Last week I wrote about Australian politician Clive Palmer sending an unsolicited text. Clive Palmer sent an unsolicited SMS…again.
This new text suggested, if elected, he will work to stop politicians from sending unsolicited texts. I asked the obvious question – why send an unsolicited text just to suggest you are working to end unsolicited texts by politicians?
Reported in the media, Clive Palmer apparently sent this second unsolicited text-based on the negative reaction he received from the first text he sent to Australian voters. Perhaps some Australians may view this strategy as “clever”. However, there is no way for someone, like me, who find it annoying to opt out of future messages.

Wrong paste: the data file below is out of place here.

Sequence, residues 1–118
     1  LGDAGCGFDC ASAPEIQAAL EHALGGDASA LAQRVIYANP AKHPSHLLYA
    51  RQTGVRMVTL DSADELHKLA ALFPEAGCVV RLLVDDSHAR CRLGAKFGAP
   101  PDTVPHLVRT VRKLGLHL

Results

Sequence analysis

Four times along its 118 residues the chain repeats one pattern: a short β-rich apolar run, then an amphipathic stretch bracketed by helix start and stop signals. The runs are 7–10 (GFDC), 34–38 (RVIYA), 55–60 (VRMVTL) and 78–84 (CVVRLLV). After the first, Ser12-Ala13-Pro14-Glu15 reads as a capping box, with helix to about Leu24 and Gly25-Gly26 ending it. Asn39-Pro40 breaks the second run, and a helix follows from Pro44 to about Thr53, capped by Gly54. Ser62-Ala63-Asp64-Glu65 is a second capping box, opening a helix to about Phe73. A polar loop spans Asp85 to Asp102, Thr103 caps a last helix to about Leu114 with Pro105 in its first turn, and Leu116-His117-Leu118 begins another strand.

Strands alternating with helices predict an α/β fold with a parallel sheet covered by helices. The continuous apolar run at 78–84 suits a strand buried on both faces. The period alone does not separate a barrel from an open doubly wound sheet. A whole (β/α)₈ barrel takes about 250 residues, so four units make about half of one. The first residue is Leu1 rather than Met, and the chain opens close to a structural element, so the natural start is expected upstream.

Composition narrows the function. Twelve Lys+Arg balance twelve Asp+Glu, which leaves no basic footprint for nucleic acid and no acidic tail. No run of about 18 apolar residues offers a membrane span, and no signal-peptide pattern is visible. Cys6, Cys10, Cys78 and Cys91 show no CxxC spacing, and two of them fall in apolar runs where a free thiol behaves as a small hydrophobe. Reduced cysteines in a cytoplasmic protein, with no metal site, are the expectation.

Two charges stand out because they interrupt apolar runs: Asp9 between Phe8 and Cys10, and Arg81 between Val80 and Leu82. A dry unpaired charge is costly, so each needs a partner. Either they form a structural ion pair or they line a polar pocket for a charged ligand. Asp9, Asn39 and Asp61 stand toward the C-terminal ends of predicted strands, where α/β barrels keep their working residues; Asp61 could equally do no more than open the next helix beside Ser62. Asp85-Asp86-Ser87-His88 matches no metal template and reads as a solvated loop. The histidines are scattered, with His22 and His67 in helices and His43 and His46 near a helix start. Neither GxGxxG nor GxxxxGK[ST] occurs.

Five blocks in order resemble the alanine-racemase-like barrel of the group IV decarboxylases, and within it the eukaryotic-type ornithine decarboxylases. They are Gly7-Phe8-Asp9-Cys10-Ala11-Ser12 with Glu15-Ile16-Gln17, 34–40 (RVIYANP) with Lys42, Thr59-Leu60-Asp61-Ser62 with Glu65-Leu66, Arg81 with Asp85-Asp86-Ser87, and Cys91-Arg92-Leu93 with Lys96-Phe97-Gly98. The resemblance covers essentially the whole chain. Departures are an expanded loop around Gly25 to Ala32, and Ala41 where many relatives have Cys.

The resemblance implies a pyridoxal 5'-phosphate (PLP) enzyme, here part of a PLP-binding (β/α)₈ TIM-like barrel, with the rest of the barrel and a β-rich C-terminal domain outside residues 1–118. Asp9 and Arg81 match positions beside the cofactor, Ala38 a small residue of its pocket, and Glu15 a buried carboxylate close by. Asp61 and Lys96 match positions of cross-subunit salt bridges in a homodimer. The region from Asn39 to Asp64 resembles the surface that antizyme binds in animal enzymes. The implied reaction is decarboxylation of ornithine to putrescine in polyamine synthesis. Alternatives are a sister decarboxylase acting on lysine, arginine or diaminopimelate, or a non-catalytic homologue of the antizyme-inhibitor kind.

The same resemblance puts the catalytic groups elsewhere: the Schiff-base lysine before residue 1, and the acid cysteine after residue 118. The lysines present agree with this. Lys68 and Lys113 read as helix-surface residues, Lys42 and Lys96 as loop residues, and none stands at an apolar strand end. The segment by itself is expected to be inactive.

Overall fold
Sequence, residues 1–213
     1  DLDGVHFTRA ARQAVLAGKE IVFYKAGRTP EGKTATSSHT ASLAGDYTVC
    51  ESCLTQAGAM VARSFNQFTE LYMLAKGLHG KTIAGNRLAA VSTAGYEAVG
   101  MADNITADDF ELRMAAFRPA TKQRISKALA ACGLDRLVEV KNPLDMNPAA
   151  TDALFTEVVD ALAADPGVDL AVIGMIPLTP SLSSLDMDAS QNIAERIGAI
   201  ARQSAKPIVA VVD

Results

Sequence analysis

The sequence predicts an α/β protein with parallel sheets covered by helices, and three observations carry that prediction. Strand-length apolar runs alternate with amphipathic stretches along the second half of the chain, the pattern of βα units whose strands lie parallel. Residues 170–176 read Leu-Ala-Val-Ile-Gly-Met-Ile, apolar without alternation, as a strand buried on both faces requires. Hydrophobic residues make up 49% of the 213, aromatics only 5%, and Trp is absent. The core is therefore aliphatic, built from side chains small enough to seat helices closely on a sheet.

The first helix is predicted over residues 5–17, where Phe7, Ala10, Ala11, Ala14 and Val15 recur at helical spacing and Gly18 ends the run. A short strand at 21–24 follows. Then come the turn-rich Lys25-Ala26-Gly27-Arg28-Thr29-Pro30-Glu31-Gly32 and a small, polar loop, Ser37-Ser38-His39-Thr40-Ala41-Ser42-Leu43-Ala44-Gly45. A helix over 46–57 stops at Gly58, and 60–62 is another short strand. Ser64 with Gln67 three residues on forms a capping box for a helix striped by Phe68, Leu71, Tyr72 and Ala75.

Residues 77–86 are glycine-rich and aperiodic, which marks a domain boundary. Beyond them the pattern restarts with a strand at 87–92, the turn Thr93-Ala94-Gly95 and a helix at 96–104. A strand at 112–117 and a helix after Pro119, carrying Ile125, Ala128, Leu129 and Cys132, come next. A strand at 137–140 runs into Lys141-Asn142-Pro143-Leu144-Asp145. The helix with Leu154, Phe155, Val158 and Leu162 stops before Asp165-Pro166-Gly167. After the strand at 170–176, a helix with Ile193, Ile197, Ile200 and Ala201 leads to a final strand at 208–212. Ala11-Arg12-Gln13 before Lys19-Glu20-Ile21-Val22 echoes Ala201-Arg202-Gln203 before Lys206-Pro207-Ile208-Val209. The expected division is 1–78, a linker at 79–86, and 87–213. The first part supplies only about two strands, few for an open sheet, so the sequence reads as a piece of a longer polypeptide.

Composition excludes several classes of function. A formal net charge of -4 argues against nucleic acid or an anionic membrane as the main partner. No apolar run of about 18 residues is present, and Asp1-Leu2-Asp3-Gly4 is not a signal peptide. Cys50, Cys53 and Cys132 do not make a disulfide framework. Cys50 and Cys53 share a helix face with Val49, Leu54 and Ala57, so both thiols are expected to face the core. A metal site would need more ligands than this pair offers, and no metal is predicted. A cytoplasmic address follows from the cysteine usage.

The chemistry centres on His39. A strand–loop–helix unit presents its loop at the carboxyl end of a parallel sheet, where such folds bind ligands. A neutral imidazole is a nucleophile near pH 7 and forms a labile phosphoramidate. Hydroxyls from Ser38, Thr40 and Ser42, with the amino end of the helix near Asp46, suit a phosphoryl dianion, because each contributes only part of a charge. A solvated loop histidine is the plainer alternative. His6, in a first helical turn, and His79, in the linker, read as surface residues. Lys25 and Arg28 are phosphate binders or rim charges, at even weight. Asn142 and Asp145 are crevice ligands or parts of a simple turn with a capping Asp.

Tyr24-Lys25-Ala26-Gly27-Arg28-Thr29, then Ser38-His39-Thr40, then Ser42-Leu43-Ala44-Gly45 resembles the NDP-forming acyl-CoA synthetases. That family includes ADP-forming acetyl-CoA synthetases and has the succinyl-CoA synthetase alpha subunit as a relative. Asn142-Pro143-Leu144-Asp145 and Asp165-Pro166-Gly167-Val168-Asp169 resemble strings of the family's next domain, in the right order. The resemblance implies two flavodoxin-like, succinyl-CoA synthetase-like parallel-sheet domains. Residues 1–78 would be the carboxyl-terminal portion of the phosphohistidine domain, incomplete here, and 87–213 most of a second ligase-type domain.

Perhaps Clive Palmer views the publicity he has received from this tactic to be positive. He has received a lot of airplay from the annoyance, including two posts from this Australian fundraiser. Nonetheless, why is it that politicians pass legislation excluding themselves of having to follow the law? Clive Palmer says his text messages are entirely legal under the privacy act. that may or may not be true. Why don’t politicians, at least, follow best practices Australian charities and businesses follow?